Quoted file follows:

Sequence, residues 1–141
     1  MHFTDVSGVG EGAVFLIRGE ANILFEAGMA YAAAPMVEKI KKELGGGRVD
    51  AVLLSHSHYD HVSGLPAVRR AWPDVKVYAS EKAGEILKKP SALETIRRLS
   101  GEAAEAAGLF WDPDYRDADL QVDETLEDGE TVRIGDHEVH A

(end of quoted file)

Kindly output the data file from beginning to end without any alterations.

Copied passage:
Sequence, residues 1–141
     1  MHFTDVSGVG EGAVFLIRGE ANILFEAGMA YAAAPMVEKI KKELGGGRVD
    51  AVLLSHSHYD HVSGLPAVRR AWPDVKVYAS EKAGEILKKP SALETIRRLS
   101  GEAAEAAGLF WDPDYRDADL QVDETLEDGE TVRIGDHEVH A